As my spouse and my child.
Who will play the flute?

 – Translated by Kabir Chowdhury

Both Bhattacharya and Sarkar are of the view that it is very important to preserve and translate Nazrul's work, especially in modern times.

While talking about the importance and relevance of Nazrul's work in the current social and communal environment of India, Sarkar says, "Nazrul is more important now than he was before. He is the voice that we need now. The kind of communal dissonance and 'vibhajan' we see across the country now, Nazrul never supported that. The gender divide, the linguistic divide, the religious divide, the economic divide, the ethnical divide, Nazrul was against all this. He celebrated India as diverse but unified. "

Along with poetry and proses, Nazrul also has around 4000 songs and ballads to his credit, which are collectively called Nazrul Geeti, a whole branch of study in itself. Although most of Nazrul's work remains unavailable and untranslated to be read by any non-Bengali, it gives hope that in Bengal, still in schools students are taught about Nazrul's work. His anguish, his love for his country, and his defiance of societal inequalities still find a place in the textbooks of schools of Bengal, which carry his legacy ahead.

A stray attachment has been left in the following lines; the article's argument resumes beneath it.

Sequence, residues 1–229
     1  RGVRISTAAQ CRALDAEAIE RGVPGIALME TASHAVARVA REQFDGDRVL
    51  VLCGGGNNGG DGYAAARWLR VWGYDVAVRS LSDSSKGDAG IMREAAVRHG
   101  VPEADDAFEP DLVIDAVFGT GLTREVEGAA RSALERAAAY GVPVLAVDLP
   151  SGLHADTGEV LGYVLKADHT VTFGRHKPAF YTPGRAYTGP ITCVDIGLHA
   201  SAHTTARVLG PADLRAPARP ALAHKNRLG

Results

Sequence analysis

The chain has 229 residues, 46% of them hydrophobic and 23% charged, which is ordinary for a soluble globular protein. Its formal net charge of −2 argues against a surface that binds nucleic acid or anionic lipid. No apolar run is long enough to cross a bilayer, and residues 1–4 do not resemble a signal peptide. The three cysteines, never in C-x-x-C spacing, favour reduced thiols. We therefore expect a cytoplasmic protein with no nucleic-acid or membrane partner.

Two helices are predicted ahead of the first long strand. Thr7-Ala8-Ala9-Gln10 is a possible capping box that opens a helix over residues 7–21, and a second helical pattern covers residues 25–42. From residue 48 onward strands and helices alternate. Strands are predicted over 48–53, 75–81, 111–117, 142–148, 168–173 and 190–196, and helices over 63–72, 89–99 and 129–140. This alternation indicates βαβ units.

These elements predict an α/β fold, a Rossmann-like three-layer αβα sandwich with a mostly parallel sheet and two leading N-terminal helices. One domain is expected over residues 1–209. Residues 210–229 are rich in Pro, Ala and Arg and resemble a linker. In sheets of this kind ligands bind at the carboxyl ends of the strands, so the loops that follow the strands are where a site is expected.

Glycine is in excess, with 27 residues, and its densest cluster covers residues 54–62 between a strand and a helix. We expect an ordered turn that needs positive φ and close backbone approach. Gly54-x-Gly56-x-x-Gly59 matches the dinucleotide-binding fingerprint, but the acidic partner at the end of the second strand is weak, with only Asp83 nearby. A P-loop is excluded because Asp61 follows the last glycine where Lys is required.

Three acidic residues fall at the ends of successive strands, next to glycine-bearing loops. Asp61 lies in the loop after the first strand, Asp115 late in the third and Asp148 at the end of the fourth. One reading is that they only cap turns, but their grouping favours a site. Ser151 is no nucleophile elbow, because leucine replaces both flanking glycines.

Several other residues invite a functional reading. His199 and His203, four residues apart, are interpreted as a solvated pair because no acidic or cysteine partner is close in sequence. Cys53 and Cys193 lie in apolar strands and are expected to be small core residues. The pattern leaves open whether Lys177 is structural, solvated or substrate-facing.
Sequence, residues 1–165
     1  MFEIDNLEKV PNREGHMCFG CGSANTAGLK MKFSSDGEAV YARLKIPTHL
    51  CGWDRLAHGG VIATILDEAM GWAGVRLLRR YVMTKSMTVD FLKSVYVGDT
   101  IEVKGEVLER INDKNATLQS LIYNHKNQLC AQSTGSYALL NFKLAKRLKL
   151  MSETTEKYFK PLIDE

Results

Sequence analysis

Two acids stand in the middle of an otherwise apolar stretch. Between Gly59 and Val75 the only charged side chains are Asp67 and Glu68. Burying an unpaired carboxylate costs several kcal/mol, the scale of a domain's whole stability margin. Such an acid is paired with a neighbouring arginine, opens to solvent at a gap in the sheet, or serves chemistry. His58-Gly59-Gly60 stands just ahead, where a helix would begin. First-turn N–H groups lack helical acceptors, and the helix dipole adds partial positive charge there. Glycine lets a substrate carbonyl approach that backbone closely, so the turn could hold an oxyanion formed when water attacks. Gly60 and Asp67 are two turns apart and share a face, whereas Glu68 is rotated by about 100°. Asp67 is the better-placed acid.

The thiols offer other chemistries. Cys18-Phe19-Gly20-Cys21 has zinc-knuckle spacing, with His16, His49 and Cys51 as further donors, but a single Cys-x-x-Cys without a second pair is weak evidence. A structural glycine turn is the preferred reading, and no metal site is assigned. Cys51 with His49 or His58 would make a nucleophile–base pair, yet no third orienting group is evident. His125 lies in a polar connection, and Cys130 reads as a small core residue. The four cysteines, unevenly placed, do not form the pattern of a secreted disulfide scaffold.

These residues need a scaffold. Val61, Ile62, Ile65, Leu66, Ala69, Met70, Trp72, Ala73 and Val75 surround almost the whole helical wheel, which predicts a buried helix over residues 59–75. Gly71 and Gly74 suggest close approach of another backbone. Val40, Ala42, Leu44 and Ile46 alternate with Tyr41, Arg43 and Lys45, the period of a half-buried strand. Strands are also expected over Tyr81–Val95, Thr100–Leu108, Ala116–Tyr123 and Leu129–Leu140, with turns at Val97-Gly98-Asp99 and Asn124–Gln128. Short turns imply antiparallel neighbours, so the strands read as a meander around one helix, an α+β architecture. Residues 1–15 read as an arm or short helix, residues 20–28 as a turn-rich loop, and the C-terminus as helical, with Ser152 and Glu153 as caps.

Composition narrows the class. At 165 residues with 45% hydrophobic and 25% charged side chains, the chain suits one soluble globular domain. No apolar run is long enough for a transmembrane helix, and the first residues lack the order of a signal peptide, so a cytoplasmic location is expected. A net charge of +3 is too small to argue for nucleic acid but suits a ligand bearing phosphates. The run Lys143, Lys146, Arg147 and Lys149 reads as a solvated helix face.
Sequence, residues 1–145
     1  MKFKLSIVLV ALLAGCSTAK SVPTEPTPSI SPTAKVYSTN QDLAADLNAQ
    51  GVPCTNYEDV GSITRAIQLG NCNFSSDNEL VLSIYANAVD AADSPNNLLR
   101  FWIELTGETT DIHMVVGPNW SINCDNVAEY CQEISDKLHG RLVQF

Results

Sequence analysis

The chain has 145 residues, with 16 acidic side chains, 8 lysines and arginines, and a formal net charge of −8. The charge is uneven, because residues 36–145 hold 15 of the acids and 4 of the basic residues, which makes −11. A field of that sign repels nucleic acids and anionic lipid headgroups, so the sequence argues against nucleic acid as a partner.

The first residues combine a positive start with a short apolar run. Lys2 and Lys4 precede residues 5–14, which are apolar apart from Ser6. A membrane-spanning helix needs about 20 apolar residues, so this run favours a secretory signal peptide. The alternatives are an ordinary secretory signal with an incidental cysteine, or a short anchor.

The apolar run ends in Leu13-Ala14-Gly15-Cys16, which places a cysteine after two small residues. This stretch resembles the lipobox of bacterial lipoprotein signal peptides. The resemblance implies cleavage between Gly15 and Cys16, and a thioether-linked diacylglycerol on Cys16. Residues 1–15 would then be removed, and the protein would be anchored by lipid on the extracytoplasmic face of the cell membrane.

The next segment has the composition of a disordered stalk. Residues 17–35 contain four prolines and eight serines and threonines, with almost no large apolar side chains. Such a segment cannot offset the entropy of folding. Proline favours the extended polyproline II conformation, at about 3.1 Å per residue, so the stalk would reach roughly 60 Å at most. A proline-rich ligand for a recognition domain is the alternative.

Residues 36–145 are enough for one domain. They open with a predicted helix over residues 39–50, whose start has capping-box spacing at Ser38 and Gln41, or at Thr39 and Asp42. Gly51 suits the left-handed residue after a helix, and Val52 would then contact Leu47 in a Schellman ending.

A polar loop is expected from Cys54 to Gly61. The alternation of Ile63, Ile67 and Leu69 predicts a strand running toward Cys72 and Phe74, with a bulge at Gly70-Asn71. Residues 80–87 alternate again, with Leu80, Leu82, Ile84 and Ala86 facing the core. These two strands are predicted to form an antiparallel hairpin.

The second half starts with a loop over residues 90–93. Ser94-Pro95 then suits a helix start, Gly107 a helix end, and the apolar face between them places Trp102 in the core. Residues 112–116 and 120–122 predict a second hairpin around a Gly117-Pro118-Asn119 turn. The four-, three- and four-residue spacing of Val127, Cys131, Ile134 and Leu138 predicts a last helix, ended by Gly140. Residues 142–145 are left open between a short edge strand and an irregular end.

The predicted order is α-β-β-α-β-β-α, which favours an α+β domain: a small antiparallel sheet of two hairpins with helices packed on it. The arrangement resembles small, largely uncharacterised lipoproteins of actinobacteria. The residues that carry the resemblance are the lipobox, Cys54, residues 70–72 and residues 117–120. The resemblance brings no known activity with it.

After he turned 42, Nazrul's health began deteriorating. He suffered from a serious mental illness and was admitted to a mental asylum in 1942. Talking about the same, Professor Sadiq of Delhi University says, "Because of a mental illness, Kazi Nazrul Islam had to live in a mental asylum in Ranchi. It was a coincidence that during those days, shayar Mazaz and Hindi poet Niralaji were also admitted to the same hospital."